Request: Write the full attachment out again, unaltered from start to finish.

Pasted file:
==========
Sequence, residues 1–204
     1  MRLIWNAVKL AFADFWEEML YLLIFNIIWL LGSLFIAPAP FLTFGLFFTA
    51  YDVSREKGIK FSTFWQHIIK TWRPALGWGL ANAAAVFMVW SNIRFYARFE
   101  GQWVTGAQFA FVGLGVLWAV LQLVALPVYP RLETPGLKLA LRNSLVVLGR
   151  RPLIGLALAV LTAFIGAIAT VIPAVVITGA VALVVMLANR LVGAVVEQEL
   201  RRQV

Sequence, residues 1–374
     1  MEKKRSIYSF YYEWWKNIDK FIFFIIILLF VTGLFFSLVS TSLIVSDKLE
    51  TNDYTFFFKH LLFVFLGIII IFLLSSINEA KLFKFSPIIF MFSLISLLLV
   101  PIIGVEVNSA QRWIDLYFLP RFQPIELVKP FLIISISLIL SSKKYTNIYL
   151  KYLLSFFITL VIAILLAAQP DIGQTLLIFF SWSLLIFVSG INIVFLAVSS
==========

Sequence, residues 1–204
     1  MRLIWNAVKL AFADFWEEML YLLIFNIIWL LGSLFIAPAP FLTFGLFFTA
    51  YDVSREKGIK FSTFWQHIIK TWRPALGWGL ANAAAVFMVW SNIRFYARFE
   101  GQWVTGAQFA FVGLGVLWAV LQLVALPVYP RLETPGLKLA LRNSLVVLGR
   151  RPLIGLALAV LTAFIGAIAT VIPAVVITGA VALVVMLANR LVGAVVEQEL
   201  RRQV

Sequence, residues 1–374
     1  MEKKRSIYSF YYEWWKNIDK FIFFIIILLF VTGLFFSLVS TSLIVSDKLE
    51  TNDYTFFFKH LLFVFLGIII IFLLSSINEA KLFKFSPIIF MFSLISLLLV
   101  PIIGVEVNSA QRWIDLYFLP RFQPIELVKP FLIISISLIL SSKKYTNIYL
   151  KYLLSFFITL VIAILLAAQP DIGQTLLIFF SWSLLIFVSG INIVFLAVSS